From Early Days in California; Scenes and Events of the '50s as I Remember Them
Lee Summers Whipple-Haslam
Jamestown, California (c.1925)
Lee Summers Whipple-Haslam was the daughter of Franklin Summers, who came to California from Missouri in 1850 and mined enough gold at Shaw’s Flat (near Sonora) to return east and bring his family west in 1852. Early Days in California (c. 1925) chronicles her life in Shaw's Flat, Sonora, and other Tuolumne County communities from 1852 to 1853; and the family’s new home on Turnback Creek in Tuolumne’s so-called “East Belt” of mines, from 1854 to 1860. There her mother kept a boardinghouse while her husband prospected, and their guests included Mark Twain. In the book the author reminisces about her experiences as a child decades earlier in the rough mining communities. A 1923 reviewer of Early Days in California in 1923 commented that the reminiscences were “colored by time and approaching fiction,” but the descriptions contain enough detail and sense of place to have historical value nonetheless.
Our cabin was on the hillside; the log walls had two logs on the upper side, and, to even it up, had three on the lower, chinked with clay. A large fireplace and the door filled the front end. Mother did all her cooking by the fire, in the chimney; but with all its inconveniences it seemed like a haven of rest to us. We had two splint bottom chairs, and, with two short benches, they constituted our seating capacity. The wonder and admiration of the Flat was our cow. Mother could have sold milk at any price. The cow was not giving so very much milk, but she gave enough, I believe, for every one on the Flat to share a cup.
I was confined to the house for some time on account of my eyes. The miners seemed to adopt me. Father always called me “Tom”—at any rate, I answered to several names--“Little Sister,” “Miss Pike,” “Missouri,” and others. In speaking of me, I was always “Frank's girl.”
At that time there were two stores at Shaws Flat. Loomis and Markley owned them. The old Loomis store may be seen today; it is the first building to the left on the Sonora and Shaws Flat road going into Shaws Flat. Every vestige of Markley's store--like its patrons--is gone forever.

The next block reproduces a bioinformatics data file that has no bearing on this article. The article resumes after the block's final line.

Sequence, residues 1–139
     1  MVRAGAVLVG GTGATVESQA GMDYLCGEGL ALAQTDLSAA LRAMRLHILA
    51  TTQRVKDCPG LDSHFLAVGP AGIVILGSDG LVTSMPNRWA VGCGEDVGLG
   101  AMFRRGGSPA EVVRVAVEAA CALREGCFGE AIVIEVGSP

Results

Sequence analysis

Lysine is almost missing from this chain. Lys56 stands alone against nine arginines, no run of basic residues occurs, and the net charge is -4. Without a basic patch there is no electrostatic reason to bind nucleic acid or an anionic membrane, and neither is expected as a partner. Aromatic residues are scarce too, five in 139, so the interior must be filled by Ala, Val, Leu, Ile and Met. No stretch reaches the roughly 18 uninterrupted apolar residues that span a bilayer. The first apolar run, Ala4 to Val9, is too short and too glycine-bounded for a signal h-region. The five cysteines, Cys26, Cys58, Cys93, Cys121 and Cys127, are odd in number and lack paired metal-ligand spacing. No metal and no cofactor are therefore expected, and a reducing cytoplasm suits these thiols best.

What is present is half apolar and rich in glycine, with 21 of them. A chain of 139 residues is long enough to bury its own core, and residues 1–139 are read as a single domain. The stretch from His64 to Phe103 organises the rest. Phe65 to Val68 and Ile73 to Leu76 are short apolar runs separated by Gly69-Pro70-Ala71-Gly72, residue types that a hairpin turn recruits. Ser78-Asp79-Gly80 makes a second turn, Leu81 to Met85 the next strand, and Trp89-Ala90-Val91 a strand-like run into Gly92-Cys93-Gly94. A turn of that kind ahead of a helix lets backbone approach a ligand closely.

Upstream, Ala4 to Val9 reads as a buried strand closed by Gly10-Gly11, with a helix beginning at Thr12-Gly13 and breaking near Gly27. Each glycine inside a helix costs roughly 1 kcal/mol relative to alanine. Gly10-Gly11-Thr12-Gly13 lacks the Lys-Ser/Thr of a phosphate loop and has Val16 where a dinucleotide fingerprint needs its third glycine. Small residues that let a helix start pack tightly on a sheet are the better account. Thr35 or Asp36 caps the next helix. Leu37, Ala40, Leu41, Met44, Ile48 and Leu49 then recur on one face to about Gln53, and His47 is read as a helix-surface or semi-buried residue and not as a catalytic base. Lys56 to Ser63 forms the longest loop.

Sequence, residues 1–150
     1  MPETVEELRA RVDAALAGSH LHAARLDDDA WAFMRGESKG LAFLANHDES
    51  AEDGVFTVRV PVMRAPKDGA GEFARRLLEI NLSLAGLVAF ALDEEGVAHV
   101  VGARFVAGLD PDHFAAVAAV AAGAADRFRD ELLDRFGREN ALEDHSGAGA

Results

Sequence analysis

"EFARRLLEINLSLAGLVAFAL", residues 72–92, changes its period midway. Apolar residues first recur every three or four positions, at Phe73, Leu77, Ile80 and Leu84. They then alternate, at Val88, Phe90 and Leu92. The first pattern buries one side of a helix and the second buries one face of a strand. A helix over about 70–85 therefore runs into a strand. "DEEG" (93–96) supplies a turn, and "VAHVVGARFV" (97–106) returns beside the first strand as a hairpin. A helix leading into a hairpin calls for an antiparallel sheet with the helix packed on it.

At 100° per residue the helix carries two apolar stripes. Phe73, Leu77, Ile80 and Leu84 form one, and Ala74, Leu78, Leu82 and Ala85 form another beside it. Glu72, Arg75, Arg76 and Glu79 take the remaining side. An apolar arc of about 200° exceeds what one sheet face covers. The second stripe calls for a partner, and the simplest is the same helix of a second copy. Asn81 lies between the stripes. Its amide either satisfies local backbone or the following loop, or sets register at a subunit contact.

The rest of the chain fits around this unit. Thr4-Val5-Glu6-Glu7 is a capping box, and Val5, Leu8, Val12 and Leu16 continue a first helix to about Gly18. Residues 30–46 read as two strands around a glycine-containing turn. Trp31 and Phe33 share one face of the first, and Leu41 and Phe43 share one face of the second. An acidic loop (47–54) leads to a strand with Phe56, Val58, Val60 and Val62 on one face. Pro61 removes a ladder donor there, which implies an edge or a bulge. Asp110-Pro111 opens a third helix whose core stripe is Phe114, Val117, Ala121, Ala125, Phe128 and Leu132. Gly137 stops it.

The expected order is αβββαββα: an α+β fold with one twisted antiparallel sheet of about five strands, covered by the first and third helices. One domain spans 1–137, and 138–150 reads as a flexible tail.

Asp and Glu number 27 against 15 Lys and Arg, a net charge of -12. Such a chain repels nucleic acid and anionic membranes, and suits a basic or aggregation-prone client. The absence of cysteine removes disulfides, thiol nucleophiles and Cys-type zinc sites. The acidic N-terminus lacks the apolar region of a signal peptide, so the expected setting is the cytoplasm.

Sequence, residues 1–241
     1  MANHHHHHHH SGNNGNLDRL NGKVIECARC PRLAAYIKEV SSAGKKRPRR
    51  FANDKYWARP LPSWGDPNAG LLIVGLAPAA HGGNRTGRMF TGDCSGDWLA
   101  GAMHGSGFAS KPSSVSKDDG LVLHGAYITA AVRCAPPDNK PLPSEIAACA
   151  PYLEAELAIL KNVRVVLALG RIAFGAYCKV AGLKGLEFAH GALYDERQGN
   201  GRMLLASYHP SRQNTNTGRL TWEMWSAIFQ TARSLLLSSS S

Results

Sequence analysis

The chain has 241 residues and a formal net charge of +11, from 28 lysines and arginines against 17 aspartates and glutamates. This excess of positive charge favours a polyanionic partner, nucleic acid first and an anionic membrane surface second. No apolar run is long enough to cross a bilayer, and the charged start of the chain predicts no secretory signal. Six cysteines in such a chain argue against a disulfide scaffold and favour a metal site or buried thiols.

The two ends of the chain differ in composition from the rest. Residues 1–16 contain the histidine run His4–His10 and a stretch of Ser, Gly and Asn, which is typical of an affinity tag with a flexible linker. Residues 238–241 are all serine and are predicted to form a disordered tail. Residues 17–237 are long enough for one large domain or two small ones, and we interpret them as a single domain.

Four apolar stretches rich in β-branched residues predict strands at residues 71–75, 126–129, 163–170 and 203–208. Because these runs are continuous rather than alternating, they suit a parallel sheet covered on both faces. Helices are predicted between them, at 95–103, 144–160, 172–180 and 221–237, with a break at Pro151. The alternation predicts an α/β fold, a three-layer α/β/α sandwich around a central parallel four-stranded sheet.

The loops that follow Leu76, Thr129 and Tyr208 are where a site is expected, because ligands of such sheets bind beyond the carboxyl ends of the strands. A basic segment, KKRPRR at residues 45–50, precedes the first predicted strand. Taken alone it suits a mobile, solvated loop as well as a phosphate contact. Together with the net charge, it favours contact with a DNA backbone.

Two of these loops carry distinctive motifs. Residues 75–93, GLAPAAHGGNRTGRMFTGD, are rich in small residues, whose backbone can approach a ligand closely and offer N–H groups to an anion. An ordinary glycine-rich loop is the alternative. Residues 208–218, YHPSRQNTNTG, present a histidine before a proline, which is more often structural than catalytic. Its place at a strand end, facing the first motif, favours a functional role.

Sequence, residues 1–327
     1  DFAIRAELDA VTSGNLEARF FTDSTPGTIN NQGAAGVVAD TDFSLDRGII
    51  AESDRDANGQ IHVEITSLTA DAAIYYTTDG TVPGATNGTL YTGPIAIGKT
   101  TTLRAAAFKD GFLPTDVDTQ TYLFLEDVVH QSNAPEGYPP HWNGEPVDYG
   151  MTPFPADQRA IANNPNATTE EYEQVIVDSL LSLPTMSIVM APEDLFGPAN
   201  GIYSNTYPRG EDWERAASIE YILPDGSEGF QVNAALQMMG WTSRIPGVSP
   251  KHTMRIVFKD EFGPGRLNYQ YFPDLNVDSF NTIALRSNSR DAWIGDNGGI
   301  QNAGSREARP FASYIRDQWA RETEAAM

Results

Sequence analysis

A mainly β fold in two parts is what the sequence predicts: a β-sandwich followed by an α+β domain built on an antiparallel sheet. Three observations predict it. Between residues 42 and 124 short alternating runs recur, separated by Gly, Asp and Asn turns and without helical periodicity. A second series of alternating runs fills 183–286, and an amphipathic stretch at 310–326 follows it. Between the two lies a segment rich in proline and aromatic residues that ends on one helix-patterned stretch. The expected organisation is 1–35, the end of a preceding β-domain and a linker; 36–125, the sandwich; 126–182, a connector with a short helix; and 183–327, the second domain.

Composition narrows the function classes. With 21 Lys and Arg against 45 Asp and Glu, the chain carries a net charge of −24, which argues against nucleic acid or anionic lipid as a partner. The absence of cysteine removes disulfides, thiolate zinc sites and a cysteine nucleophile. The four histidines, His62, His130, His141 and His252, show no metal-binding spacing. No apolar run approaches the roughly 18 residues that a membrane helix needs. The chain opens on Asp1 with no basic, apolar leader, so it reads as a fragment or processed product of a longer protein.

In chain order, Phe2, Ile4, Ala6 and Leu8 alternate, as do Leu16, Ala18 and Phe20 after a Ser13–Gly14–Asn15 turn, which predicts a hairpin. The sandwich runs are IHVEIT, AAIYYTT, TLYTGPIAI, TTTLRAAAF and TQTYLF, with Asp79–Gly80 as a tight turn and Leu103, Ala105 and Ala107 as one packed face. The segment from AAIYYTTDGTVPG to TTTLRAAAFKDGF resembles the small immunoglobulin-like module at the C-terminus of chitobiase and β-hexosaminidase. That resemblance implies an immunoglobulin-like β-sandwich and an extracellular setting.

Houses at that time were not what they are today. Endurance and beauty were not thought of. Everything that the ingenuity of man could think of was used for building material. All kinds of food stuff was exorbitantly high, and no variety; only the exigency to sustain life could be procured. I remember the first dried apples that appeared in the stores; they were small, sour, cut in quarters strung on twine and sold for three dollars a yard. Then a few bottles of pickles appeared—quarts and pints. They sold for $5 a quart and $2.50 a pint. The bottles, to my inexperienced eyes, were marvels of beauty, green, pink and clear glass. The boys gave me many of the bottles, and at this time I have one (a green one); money could not buy it. Some of the happiest memories of my childhood are associated with those pickle bottles. At that time I had no playmates or dolls. You see, reader, I was denied all that goes to make a happy childhood.
I was in a hive of busy workers, but I had, for compensation, the disinterested love and friendship of all the pioneers on the Flat. And I believe today one of God's greatest gifts to man is true friendship. For me, the admiration of a thousand would be no compensation for the loss of a true friend.
At that time, in 1853, the only tangible evidence I possessed of ever learning to read and write was a “Webster Spelling Book” I brought from Missouri. And it was ten long years after that before I had an opportunity to go to school.
After we had got settled at Shaws Flat, and I had recovered sight, mother wanted to come over to Sonora to buy some material to renew our wardrobe. It was late in the fall of '52. She opened a small trunk. She had reserved one dress for herself and one for me from the “wear and tear of the plains.” Of course, kid like, I must see everything in the trunk. She was in a hurry, and, in taking out the dresses, she uncovered a pair of beautiful beaded moccasins. Oh! Oh! Oh!—I lost my breath, and gazed—mouth open and eyes protruding. Mother had not time to listen to my rhapsody. We were soon ready, and for the first time, in November, 1852. I saw Sonora. I felt a personality, just like I might possibly be somebody. I had on a new calico dress, my beaded moccasins, and on my head I wore “the pride of Missouri,”—a white sunbonnet. I do not remember seeing any white children that day, only Mexicans and Indians. Sonora, at that time was not a place of beauty. It had its Long Tom saloon and in fact many saloons, and for the first time in my life I saw a drunk man. He tried to walk; he fell down, kicked and rolled, like a dog in the last paroxysms of hydrophobia.